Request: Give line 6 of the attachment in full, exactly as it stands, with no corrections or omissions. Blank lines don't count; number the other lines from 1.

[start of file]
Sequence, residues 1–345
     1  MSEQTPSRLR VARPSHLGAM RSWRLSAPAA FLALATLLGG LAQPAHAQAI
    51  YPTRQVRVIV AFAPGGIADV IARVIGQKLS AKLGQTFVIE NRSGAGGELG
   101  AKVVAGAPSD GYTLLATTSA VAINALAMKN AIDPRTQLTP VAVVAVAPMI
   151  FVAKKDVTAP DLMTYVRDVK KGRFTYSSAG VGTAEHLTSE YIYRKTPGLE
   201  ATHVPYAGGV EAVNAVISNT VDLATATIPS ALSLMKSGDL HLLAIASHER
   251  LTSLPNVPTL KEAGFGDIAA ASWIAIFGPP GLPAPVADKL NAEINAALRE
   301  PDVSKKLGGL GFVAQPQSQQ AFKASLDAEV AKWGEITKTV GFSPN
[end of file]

   201  ATHVPYAGGV EAVNAVISNT VDLATATIPS ALSLMKSGDL HLLAIASHER